The huge growth of online shopping and deliveries will likely put additional strain on the logistics and delivery systems that have been plagued by high failure rates and other problems, according to the consulting firm McKinsey & Co.
The U.S. is already the second-biggest market for online shopping after China, accounting for 19.2 percent of annual retail revenue, McKinsey says. In 2014, it was the seventh-largest market behind the U.S., China, Japan, Germany, the United Kingdom, France and Italy, McKinsey said.
Sales online will grow to $3.6 trillion by 2015 from $2.3 trillion in 2014, accounting for 21 percent of total U.S. retail sales, customers are loving online shopping due to all the offers and discounts they can find online (click here for more info).
Related Coverage U.S. companies expect slower growth in online sales in 2015
Amazon shares were up more than 2 percent in midday trading on Tuesday.
Amazon has tried to improve its delivery speed to reduce costs. Its delivery times in New York City are an average of 9 hours and 45 minutes for its Prime customers, compared with 22 hours and 35 minutes for FedEx Corp, according to one measure.
“Online is not just an additional channel or a new mode of delivery, it’s really about the convenience of delivery, the ease of fulfillment, the simplicity of shopping, the time savings, the cost savings, and it’s becoming the leading channel,” the consultant said in an interview. “Online retail sales are just taking off.”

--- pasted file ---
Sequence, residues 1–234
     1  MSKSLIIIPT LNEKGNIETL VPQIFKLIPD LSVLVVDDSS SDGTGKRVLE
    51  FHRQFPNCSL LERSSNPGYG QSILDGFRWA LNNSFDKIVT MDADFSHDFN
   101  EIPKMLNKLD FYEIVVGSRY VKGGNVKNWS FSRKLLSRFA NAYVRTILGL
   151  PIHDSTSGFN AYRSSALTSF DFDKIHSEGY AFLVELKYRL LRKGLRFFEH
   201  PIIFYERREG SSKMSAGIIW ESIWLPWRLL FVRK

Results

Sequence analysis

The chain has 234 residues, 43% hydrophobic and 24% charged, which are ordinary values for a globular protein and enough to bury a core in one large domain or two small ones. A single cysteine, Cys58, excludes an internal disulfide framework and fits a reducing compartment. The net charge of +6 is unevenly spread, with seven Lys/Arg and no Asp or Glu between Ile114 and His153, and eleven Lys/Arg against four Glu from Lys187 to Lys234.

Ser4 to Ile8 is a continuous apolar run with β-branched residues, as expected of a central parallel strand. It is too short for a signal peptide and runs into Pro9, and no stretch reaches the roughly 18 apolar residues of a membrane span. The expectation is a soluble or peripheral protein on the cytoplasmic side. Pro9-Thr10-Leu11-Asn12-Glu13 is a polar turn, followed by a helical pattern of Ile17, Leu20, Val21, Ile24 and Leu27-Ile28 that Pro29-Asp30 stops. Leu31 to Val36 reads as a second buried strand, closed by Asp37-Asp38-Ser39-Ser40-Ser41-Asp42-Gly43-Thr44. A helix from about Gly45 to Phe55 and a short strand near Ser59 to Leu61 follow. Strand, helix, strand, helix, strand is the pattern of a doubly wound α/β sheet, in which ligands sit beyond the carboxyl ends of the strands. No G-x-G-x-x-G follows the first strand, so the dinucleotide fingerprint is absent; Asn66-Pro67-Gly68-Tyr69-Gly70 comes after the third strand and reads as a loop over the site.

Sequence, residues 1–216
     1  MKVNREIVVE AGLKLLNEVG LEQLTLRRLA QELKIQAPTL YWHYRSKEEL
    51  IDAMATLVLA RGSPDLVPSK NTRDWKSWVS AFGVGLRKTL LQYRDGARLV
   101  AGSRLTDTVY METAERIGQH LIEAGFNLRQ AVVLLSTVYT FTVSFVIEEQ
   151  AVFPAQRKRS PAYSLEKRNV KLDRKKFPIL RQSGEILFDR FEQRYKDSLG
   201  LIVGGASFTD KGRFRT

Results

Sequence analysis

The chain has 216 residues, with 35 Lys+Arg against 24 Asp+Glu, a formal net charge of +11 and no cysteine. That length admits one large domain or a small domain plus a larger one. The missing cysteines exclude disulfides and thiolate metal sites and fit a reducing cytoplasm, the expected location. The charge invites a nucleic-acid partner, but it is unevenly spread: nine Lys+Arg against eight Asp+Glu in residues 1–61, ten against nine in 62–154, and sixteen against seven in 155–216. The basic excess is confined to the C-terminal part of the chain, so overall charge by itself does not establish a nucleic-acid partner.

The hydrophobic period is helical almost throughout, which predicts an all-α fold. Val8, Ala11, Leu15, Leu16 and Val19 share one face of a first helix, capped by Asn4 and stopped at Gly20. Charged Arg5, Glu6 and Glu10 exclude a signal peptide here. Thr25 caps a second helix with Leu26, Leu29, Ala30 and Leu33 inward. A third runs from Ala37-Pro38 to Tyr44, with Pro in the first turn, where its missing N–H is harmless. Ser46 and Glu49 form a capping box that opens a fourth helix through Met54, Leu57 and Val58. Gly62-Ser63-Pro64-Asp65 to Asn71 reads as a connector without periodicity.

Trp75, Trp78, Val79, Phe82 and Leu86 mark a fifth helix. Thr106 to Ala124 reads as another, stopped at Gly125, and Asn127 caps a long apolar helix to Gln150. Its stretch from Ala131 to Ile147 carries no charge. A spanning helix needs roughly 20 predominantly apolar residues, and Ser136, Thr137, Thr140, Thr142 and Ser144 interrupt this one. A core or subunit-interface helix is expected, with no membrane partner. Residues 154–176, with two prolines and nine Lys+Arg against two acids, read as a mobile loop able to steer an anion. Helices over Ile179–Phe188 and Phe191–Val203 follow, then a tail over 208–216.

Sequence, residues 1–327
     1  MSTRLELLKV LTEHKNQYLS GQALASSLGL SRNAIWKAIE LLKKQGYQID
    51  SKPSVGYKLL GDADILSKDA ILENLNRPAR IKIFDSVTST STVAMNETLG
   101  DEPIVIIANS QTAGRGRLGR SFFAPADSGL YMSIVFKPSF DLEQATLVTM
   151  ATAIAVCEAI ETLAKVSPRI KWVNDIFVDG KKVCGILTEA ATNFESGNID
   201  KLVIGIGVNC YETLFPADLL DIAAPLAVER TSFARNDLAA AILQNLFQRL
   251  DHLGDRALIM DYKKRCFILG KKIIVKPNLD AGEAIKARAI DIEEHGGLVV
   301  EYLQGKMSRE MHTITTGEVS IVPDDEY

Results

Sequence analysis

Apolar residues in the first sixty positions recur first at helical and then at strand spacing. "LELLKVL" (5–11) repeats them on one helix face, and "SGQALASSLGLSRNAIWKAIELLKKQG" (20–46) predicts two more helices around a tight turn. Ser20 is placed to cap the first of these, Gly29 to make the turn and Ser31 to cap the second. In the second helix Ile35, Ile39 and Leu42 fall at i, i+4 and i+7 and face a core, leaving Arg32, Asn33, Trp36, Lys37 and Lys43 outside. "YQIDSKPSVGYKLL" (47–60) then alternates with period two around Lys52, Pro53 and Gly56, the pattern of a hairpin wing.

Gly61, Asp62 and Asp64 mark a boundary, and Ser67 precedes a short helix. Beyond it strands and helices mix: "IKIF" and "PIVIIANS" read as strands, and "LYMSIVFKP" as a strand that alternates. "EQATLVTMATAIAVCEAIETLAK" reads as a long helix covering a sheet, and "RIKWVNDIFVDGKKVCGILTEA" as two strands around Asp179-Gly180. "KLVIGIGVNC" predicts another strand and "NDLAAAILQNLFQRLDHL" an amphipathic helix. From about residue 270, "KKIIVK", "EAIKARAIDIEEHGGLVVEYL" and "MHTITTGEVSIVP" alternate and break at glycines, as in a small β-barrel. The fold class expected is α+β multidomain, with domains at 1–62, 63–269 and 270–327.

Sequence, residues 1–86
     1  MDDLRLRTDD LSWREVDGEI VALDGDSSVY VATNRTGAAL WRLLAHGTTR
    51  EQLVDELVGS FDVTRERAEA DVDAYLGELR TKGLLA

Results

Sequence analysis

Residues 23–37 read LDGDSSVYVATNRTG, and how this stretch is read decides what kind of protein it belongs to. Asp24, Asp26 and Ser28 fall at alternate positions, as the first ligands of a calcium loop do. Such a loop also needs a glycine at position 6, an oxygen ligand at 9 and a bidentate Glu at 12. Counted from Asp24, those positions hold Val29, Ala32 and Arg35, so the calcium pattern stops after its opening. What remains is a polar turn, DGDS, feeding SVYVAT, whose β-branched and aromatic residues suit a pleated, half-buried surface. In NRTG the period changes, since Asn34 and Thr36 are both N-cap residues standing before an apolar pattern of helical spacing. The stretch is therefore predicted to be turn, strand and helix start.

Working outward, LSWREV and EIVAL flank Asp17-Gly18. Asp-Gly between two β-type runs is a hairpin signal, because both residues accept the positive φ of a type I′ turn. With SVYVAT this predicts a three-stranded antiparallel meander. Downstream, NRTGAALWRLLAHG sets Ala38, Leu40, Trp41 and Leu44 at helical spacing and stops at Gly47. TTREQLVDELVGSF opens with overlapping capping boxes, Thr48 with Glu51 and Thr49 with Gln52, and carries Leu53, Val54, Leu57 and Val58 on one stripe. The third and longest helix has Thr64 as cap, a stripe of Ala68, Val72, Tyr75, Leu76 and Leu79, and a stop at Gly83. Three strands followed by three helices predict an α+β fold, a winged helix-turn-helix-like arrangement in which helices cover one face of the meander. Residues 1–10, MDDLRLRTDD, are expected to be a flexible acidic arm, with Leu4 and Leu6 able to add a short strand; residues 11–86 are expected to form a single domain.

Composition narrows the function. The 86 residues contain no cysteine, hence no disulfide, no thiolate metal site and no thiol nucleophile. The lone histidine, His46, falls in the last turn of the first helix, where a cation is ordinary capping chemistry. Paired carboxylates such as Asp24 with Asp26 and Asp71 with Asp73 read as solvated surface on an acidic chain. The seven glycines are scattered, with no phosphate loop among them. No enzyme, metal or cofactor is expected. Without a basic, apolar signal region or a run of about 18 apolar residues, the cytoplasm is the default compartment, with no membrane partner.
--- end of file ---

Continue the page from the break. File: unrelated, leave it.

Amazon’s Prime membership costs $99 a year, and customers get free two-day shipping, access to online video content and free two-day shipping of two purchases of $35 or more. Customers who sign up for Amazon’s Prime Instant Video service can stream as much as four different movies for $7.99. Amazon also operates grocery delivery services. Analysts estimate that the company sold $1.3 billion worth of goods last year from more than 40,000 stores. The average transaction was $50.
Amazon’s recent growth, combined with Google’s focus on Prime, has raised some concern about Amazon’s long-term growth prospects. Analysts say that Amazon’s online success is being stymied by a lack of products, too few delivery drivers and a lack of other transportation options, such as cars or shared vans. But they also note that Amazon is the poster child for the new retail world.